They’re Altogether Ooky


Wrexham have been extremely fortunate that previous and prospective custodians of our club, have been people of exemplary character. They’re the sort of people you would exclaim to; ‘Yes!, I will buy that second-car with the weld mark round the middle from you, and while I’m at it, do you do Payment Protection Insurance?” Many clubs have not been as fortunate as us, and it is worth considering reasons why an individual would want to invest in a football club. All of these reasons are well documented, so you would wonder why the football authorities haven’t wised up. The reasons  are all about personal gain, rather than a love of football.

Reason 1 – Tax purposes

People pay tax on income or profits. If you don’t make a profit you don’t pay tax. If you own a loss making Football Club it seems to be possible to offset these losses against profits made elsewhere to avoid tax.  It is possible to give money to football clubs as a conditional gift. That is, you can state it is a gift, but later convert it to a loan. This has three great benefits;  firstly you can’t pay tax on money you’ve given away, secondly if the club gets in a mess you can convert your gift to a loan and demand your money back (unlike buying shares in the Football Club) and finally the fans think your fantastic in providing money to the club.

Reason 2 – Money laundering

All businesses that deal in cash are vulnerable to use for this purpose. Football Clubs takes lots of cash, and once it hits the Club’s bank account its source is untraceable. It is alleged that money launderers are willing to take huge losses on the face value of cash in order to legitimise its source.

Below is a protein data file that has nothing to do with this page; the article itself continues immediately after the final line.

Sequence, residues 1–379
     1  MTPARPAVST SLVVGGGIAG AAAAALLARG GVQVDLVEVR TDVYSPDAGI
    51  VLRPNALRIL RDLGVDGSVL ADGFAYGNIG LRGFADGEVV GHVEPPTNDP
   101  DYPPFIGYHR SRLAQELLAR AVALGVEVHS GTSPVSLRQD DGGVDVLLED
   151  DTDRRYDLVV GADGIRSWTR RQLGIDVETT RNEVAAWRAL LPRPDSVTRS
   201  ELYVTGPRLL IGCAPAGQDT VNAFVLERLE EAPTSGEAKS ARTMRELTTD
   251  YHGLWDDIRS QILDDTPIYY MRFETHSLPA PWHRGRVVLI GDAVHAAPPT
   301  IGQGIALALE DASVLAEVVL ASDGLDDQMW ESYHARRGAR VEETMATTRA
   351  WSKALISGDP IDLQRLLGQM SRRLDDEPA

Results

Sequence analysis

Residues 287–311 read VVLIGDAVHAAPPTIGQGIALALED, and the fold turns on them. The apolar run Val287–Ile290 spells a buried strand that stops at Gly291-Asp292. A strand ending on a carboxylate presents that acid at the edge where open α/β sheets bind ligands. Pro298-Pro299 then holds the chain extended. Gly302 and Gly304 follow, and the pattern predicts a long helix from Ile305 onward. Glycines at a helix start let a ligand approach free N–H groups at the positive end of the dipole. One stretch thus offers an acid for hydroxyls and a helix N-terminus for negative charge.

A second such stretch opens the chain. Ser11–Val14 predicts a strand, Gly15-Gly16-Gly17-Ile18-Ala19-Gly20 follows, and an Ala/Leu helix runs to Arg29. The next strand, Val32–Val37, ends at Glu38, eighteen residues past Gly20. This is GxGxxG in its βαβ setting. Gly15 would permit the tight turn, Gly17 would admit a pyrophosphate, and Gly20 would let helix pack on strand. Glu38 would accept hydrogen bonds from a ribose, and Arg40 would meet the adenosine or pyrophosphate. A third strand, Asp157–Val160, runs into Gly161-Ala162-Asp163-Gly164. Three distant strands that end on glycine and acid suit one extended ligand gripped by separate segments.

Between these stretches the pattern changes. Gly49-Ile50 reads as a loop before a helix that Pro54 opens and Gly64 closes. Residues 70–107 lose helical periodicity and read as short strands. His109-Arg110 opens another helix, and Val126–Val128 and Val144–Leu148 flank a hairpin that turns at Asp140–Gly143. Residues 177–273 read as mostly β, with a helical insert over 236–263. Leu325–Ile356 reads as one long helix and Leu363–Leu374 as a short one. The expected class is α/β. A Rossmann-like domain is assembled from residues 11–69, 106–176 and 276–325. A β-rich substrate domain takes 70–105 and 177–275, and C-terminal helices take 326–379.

Reason 3 – Control of Results

To influence the result of matches for financial gain is taking a massive risk, much less risky is to influence something within a game (times of throw-ins for example). Betting is global, and a recent investigation linked far eastern gambling syndicates with attempts to influence reserve team games in England. The global nature of betting makes looking for suspicious betting patterns difficult and if a bet is placed in one country there is no guarantee of support in investigations from the Country where the irregularity has occurred.

Reason 4- Asset Stripping

When Alex Hamilton owned WFC he accidentally transferred the lease on the ground (a very valuable asset) to another company he owned. Luckily he realised his error, and we all lived happily ever after. Hereford United have a current lease issue, with the new owner enquiring about the transfer of leases. Towns have often grown around football clubs, leaving them on prime building land, sadly this is very tempting to developers.

Reason 5 – Ego massaging

Warren Buffett and I have a lot in common. That’s a lie: we have one thing in common. He gives vast sums of money to a charitable foundation started by Bill Gates. I give a tiny amount to Wrexham Supporters Trust. Our similarity is that we get no publicity in return, and have no direct control over the spending of our donations. You have to assume we do it because we want the organisations to succeed, and not for any adulation we might receive from the grateful. It has been alleged that there was a group of ‘high net worth’ individuals who wanted to invest in Wrexham, in return for boardroom influence. I don’t for a moment suspect any wickedness was intended by these individuals, but their benevolence doesn’t match me and Warren. I think if Don Bircham, Spencer Harris, Barry Horne et al were honest they would say they get a buzz out of running the club. That ‘buzz’ seems to be worth a lot to them, as they donate their time for free.

My incentive to invest in Wrexham FC is because I love watching Wrexham FC play. Problems occur with club ownership when the incentive of the owners is one, or all of the above.

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